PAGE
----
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An Autumnal dawn yawned out over Lancashire, exhaling a breath of crisp, biting air across the county. The knives of the turbines cut through the beams of the low morning sunlight much like we might take a knife to our toast. Cattle began sketching their first shadows over a carpet of silvery grass. Glistening globes of dew hung like chandeliers from the branches; arms once clothed in luscious sleeves of green, but now naked, hanging over puddles of reds and orange. I cycled to where civilization zips on to the barren cloak of the moors, and sauntered leisurely to a small, hidden, inside pocket of woodland. And there I perched, on a moss-bearded stone, watching as the gaps between trunks were busy ushering morning sunlight through the wood. The stream on the left beside me was breakfasting on some of this light and I gazed as the bubbles became miniature lightbulbs. To my right, a sheep was engaging his jaws on the leaves. High above me, birds were dispatching messages to comrades. All around me, it rained a golden, reddish rain, and I knew I was witnessing the graceful final journey of the leaves.  


Sometime after, I arose to recharge my familiarity with the moors. I can try to weave some literary web to paint my experience, but it would be a poor effort, for there are sensations on the moorlands that one cannot possibly encapsulate with written word. As I clambered towards the rocky tors, which perch like brave climbers high up on the peaks, the mind - as it often does in these circumstances - turned to thoughts which away from the moorlands seem ludicrous. Notwithstanding, I did muse about the water locked up in the peaty bogs, and if they were granted the faculty of feeling emotions (I warned you it was ludicrous), how on earth they would feel. There, in the air, how liberated those little droplets must have felt, diving from the clouds towards the greens and browns of an English moorland. How barren, and thus how enthralling the chance to join streams that tour down valleys. The final centimetres of descent; suddenly, thirsty hands of moss snatch the little droplets and detain them in the peat. How jealous they must be now as they gaze west at the unbounded Irish Sea...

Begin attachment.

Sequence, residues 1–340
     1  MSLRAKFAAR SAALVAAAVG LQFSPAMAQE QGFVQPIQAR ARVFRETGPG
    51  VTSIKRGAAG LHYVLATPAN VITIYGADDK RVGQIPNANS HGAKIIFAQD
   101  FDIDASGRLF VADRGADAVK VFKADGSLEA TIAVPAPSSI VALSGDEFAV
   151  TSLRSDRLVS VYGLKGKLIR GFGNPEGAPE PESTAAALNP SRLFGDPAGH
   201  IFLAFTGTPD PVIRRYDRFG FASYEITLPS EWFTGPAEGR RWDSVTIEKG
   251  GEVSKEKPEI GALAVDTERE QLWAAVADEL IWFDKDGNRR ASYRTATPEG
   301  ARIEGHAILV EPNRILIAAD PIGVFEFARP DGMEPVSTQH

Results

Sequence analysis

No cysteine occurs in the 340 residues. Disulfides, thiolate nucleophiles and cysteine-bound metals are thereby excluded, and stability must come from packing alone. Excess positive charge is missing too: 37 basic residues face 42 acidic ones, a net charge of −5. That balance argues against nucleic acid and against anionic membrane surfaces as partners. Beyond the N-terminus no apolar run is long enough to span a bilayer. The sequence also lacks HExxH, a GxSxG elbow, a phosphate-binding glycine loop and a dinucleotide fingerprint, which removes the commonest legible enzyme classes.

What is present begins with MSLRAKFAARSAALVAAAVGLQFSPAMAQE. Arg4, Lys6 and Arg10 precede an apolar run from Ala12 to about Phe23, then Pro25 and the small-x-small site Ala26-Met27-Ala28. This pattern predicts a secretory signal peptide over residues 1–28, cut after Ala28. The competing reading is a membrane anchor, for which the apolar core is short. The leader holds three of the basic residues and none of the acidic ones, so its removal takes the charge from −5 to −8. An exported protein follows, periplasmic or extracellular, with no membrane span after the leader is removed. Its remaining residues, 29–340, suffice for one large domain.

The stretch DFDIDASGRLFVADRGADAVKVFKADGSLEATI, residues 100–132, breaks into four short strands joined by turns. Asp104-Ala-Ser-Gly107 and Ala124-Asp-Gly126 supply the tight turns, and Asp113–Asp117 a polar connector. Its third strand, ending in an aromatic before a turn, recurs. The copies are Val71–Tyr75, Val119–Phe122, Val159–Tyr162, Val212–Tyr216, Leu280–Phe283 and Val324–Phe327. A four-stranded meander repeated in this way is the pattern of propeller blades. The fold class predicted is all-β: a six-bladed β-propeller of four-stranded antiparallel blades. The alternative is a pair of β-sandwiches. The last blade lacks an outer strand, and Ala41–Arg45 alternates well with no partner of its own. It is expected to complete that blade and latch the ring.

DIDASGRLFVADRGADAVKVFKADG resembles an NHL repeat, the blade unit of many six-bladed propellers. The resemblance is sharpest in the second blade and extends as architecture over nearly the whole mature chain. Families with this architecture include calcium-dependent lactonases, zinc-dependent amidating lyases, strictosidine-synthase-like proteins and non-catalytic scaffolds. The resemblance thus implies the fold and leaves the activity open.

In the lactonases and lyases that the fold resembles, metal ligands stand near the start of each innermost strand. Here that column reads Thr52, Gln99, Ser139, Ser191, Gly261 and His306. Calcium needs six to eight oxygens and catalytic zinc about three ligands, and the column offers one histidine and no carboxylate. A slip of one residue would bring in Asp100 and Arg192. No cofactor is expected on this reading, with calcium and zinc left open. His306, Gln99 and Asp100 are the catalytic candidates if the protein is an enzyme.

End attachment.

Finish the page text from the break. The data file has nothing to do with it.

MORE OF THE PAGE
It is when the mind begins to conjure up these thoughts, so distant from reality and reason, that the solitary wanderer realizes they are not merely hiking, but have allowed their mind and soul to nestle within the very spirit and ethos of the moorland.


The peat is the diary of the moors. The footsteps of a thousand journeys are scribed into the black. I wandered for what felt like hours over a landscape, etching the course of my journey and reading those who ventured before me. Occasionally the cast of a walking boot is partnered with a paw, and over both of these, a grouse has narrated its own excursions. But no sign of any of the authors.

At noon, I gazed out over the coastline of Lancashire and witnessed an inward migration of clouds effortlessly passing border control. This pilgrimage of cotton wool muddled the blue skies for the remainder of the day. When they cast a veil over the rays of the low-lying sunlight, the moors became instantly refrigerated. Over the valley, I watched as these clouds pulled on their invisible reigns and dragged shadows over the hillsides like sledges over snow. On rocky outcrops, I often paused and lunched on the tapestry of a fine view. With the tide out, the horse-shoe of land that unites Lancaster with the peninsula of Grange over Sands seemed closer than I had ever seen it before. The Sun bounced its rays off the roofs of cars making their way from Lancaster, across the bridge, and on to what looked like the end of the world. Northwards, the Lake District hid in its own world, behind a haze. And panning westwards, where the stitches of a border pull Lancashire and Cumbria together, farms were freckled with cattle and wrinkled with dry-stone walls. At my feet was a sea of red heather; the embers of a season past.
























What I am about to narrate next happened in less than ten seconds. I was walking back to my bike, down in the lowlands of the moors. All was calm, and still, and the mind was wandering not with the feet, but in some other world. And then, thud. Struck. On the head. From behind. Down I fell. Grounded. A moment was spent grasping my senses, another was spent rubbing a bleeding elbow, and then I turned around to face the entity which had mugged me of my serenity. There, sitting quite pathetically at the scene of the crime, and by no means absconding in guilt, was a Grouse. It withheld some disposition of anger in its eyes, and I realized that it was a premeditated attack rather than a flying error. Nevertheless, I wasn't going to be cautioned off my path in this way and thus I gave the Grouse some stern words.

"We share this planet. There's plenty of room for the both of us. Okay?"

The Grouse, who had been quite still up to now, suddenly nodded once towards me and with that I walked on. Sheep always stare at hikers, but those grazing nearby seemed genuinely stunned.

For clarification (and this should be broadcast to the entire animal kingdom), when I write about 'connecting with nature', I don't mean literally.